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If you really want to have the dream of breeding or acquiring or raising breeding stock.....you have to invest yourself in the dog world in training, and attending the type of events that your breed is prevalent in. There is no short cut in this breed....if you want to be a potential player, you have to get off the Internet, and couch and get involved in breed events. You will see a whole different perspective than can be learned from books and forums. The breed needs energy, commitment, and involvement from new people to remain strong and viable.
One last point, go to trials, conformation shows, breed clubs, so you can see first hand what you read on websites....it will be eye opening...trust me!
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Old 11-29-2012, 09:09 AM   #5 (permalink)
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Maybe I can comment because I'm sort of in your place. I'm not a "breeder" per se and don't aspire to be, as in I have no interest in owning and breeding females. Right now I own an intact male (and some other breeds/foster dogs). I've trained him in many sports/venues so we have traveled many states for trials, events, shows, etc. and now that he is an adult and has many titles, conformation ratings, KKL, health certificates, etc a few people have approached me about using him for breeding. I don't advertise him as a "stud dog" but these are people that have seen him in person and liked what they saw and/or the pedigree and have made further contact with me. He hasn't been bred yet, might be this coming spring but again, my priority is training and trialing with my dog and if people like what they see, they're welcome to inquire. I think it's easier to learn and meet people that might be interested in breeding arrangements if you are active training, trialing, and exhibiting your dogs than deciding to breed *first* and then making a name for yourself. Maybe it is too altruistic of me but I tend to think that my dog(s) quality will speak for itself and if he's good enough for breeding, people will come forward without me making a concerted effort just to get him bred. I put my effort into training and reaching his potential as best I can. For me earning titles is not a means to an end (breeding under the German system) but it's the process that has value, learning about my dog and the breed in general.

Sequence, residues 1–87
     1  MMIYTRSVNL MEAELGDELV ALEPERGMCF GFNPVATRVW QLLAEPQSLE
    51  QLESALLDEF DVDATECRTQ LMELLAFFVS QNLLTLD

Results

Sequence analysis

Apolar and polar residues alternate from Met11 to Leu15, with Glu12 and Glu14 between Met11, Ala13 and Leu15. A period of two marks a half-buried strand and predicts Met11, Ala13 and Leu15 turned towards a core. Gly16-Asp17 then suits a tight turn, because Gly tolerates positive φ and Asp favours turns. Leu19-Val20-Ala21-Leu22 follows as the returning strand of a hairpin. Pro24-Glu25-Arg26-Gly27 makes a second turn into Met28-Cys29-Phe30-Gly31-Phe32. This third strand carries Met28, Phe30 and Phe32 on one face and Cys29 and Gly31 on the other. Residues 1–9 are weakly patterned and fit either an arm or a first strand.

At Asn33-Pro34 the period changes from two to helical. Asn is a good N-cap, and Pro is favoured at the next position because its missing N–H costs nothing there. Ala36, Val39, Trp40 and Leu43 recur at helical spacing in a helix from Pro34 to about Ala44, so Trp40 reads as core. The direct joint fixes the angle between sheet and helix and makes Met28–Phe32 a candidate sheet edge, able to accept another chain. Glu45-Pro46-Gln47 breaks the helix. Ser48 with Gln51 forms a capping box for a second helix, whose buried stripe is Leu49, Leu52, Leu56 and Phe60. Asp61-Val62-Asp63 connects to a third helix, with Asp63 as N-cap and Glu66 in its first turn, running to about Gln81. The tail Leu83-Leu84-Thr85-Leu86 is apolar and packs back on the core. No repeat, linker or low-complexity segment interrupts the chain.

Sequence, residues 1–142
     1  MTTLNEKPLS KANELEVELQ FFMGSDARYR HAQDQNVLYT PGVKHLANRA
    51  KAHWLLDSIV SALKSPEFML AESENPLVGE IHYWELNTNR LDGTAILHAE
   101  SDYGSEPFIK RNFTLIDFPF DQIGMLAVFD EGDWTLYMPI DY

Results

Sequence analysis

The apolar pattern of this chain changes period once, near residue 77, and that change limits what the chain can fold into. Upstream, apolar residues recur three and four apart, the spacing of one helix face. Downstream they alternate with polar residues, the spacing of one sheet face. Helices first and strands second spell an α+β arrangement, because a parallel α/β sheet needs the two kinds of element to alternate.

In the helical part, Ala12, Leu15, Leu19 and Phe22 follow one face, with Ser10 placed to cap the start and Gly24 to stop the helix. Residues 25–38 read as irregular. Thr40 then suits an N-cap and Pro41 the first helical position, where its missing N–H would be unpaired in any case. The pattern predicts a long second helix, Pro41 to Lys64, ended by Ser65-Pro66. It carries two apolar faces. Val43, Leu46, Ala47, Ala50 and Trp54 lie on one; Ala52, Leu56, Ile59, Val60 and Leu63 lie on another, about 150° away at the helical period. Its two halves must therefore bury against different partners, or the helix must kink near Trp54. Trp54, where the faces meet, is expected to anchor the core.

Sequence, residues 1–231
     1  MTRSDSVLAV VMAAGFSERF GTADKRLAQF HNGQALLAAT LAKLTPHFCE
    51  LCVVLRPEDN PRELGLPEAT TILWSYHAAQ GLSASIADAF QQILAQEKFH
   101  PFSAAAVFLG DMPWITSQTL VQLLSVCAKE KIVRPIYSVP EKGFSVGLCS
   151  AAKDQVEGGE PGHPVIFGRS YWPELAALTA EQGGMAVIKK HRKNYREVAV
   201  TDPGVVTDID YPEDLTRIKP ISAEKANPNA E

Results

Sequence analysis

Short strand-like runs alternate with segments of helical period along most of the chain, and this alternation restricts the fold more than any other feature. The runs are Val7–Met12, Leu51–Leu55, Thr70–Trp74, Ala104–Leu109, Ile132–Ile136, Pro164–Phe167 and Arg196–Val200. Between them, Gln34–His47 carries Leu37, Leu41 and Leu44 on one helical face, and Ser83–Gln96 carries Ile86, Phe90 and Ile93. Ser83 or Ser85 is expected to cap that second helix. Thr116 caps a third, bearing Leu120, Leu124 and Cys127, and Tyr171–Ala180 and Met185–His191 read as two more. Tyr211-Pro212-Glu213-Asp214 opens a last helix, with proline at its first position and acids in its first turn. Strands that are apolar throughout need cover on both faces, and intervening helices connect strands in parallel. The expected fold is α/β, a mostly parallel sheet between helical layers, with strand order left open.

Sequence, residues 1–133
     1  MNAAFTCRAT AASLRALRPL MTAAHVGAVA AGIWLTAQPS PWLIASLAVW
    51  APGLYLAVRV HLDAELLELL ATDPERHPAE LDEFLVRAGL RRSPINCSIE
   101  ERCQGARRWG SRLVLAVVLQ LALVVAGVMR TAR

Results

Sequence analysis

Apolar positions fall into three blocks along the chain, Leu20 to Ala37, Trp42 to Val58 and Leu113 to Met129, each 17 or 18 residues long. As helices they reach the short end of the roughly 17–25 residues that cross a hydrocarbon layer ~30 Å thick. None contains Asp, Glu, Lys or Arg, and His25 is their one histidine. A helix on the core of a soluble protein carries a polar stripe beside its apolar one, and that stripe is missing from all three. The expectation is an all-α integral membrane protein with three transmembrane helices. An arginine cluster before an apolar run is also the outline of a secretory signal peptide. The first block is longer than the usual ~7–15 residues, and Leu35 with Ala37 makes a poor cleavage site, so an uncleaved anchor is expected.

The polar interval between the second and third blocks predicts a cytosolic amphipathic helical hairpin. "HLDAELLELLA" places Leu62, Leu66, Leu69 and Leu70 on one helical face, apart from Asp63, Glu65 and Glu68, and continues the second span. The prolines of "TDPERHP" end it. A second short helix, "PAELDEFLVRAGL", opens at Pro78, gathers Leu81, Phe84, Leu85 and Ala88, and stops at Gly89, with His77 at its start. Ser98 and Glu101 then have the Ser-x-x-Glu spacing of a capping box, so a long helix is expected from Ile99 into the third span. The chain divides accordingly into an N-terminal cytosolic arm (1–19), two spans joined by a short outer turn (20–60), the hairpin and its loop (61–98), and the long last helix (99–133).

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Old 11-29-2012, 09:32 AM   #6 (permalink)
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If you really want to have the dream of breeding or acquiring or raising breeding stock.....you have to invest yourself in the dog world in training, and attending the type of events that your breed is prevalent in. There is no short cut in this breed....if you want to be a potential player, you have to get off the Internet, and couch and get involved in breed events. You will see a whole different perspective than can be learned from books and forums. The breed needs energy, commitment, and involvement from new people to remain strong and viable.
One last point, go to trials, conformation shows, breed clubs, so you can see first hand what you read on websites....it will be eye opening...trust me!
What cliffson said. I recently had the opportunity to attend a trial and show! Finally got to see in person some really nice dogs, and realized now my next puppy needs to be from V rated stock. (still love my Max!)

Dont discount what you can learn thru research, but actually "being there" trumps all.